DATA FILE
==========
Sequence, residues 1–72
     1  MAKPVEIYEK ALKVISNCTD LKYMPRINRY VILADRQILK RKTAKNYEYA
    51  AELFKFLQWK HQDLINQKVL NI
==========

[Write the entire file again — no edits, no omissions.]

Sequence, residues 1–72
     1  MAKPVEIYEK ALKVISNCTD LKYMPRINRY VILADRQILK RKTAKNYEYA
    51  AELFKFLQWK HQDLINQKVL NI